Lessons Learned. But Mistakes Are Good, Here’s Why

Where do I start? The thing is, lessons are hard to learn; that’s why they’re called lessons and not “cotton candy that teaches you junk” (or something like that). I recently learned a very hard lesson and I want to share it with you all.

I recently ended a work relationship the wrong way. It was abrupt and full of emotion, where it should have been calculated and professional. But it wasn’t and it might damage my future. I was upset and this was one of the few times when I let my emotion get the best of me and it clouded my judgment and I acted out of turn.

I learned ANOTHER valuable (albeit) painful lesson about this industry: you’re only as good as your last. Despite everything leading up to that point, all of the good, that ONE bad outweighed it and it sucks (for lack of a better word). Hindsight is 20/20 and we have ALL got to learn somehow.

The thing is: I’m human. I make TONS of mistakes and from each of those mistakes? I learn, I’ve learned where I want to be, where I don’t want to be, what feeling is okay, what feeling is NOT okay, etc. and I learned for me and you. I don’t want you to make the same mistakes, but if you do, take it from me; you can pick yourself right back up and keep going, just like I am.

So next time you “fail” or make a mistake, remember this: we NEVER learn from constant victory, but we do learn from a slip up or 2. I hope your week is good and I hope you chase your dreams.

Until next time,

XOXOXO,

Jess AsPRing

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2 responses to “Lessons Learned. But Mistakes Are Good, Here’s Why

  1. Jess, I understand how you feel.
    Here’s my personal story of a lesson learned the hard way I’d like to share. After four internships I finally landed what I thought was a dream come true and a payoff for all my hard work: a permanent position in the communications field. However, at the same time I had already accepted a temp position with an excellent company. I called the temp agency and let them know I couldn’t do it because I had accepted a permanent position.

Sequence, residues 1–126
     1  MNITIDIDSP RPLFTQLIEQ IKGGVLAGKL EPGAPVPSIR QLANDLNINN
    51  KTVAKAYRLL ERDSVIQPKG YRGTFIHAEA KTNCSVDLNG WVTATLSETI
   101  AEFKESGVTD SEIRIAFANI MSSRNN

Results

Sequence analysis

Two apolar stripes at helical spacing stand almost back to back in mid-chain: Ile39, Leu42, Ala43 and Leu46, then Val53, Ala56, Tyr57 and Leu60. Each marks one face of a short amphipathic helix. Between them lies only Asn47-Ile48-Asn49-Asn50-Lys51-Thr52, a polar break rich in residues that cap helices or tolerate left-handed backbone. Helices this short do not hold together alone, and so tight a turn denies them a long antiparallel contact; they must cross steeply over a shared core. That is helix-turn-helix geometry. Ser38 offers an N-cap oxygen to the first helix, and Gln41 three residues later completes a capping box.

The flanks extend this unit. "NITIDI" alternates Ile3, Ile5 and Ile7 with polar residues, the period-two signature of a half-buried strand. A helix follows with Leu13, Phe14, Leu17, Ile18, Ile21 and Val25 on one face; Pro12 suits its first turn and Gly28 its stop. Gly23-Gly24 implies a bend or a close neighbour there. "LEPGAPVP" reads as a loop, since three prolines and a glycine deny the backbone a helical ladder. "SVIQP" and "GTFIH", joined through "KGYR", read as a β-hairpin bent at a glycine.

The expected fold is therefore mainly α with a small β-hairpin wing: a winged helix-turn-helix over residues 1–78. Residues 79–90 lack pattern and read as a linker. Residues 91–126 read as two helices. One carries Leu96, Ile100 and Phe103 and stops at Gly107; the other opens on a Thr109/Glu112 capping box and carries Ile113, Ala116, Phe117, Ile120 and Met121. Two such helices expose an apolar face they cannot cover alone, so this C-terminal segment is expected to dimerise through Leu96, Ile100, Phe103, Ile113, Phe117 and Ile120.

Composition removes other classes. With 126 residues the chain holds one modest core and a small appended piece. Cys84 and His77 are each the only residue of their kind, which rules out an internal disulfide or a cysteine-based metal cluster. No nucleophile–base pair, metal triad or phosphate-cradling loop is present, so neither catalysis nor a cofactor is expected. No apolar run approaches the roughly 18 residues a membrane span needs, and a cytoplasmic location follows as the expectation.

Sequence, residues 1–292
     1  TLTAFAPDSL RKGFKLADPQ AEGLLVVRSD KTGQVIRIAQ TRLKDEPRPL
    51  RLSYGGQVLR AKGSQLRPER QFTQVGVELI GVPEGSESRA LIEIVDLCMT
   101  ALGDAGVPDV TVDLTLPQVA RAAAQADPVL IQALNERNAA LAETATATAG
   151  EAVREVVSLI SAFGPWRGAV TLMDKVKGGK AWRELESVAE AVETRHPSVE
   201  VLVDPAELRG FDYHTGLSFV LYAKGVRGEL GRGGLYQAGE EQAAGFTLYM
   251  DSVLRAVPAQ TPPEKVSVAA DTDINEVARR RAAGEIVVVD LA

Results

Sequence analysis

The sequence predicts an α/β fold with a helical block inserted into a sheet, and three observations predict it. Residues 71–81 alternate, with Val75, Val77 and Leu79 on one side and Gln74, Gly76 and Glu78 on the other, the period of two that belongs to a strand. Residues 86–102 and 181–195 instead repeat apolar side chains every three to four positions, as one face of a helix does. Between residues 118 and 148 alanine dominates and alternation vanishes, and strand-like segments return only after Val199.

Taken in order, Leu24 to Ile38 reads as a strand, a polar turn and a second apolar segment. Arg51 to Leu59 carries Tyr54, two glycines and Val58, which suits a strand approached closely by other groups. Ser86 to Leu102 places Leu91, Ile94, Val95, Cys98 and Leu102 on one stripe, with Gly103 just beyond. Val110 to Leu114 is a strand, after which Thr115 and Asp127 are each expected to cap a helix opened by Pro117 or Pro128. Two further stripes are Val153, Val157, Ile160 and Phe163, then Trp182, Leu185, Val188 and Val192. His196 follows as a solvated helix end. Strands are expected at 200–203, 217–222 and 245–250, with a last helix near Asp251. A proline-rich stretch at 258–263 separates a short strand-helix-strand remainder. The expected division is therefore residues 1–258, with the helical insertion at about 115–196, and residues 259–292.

It became one of the worst decisions I made in my career. The director and the communications specialist were horrible to work for (absolute curmudgeons) and I wasn’t treated with respect. Also, in my initial meeting I was told the position was part-time and I thought they meant 20-25 hours a week. Imagine my extreme disappointment when I discovered my weekly schedule was 12 hours a week for the next three months until the start of their busy season. The position was seasonal so it meant it had a limitation on how many days and hours I could work.

    And, they didn’t offer automatic deposit because the part-time position didn’t qualify under their guidelines for automatic deposit. So not only was I working a sorry 12 hours a week, but now the bank was charging me a checking fee. I felt like the biggest loser for not finding this out ahead of time. The other position I had been offered was more hours, closer to home, with a weekly paycheck that included automatic deposit.
    Long story short I quit after working six weeks and gave the shortest resignation I’ve ever given in my career – two days. After a few weeks I realized it was difficult for me to acclimate working there – in four weeks I had worked 48 hours. Who can do a proper job under a short amount of time? Once I figured out I didn’t belong there I got the hell out in a hurry.

    Some people say “don’t burn your bridges’, but in my lifetime I’ve burned a couple and they became some of the best decisions I’ve made. You were probably angry for a good reason (perhaps they led you to believe one thing when really they had other intentions).
    Since then, I landed another temp position. I didn’t care that it was permanent (I learned my lesson!), but this time one of my priorities was the level of professionalism within the company culture. I could tell from my meetings that I was dealing with people who treated each other respectfully. The good thing is that it might lead into something permanent and help me get to where I want to be. And it’s a great company to work for!

    Keep doing what you’re doing and remember the road to success is never easy. Yes, corny, but so very true.

    • Thanks for sharing Marlene! In this industry, we place so much emphasis on relationships and its good to hear that even with a few bridges burned, you’re doing fine. I hate learning lessons when I’m in it, but looking back, I am glad.

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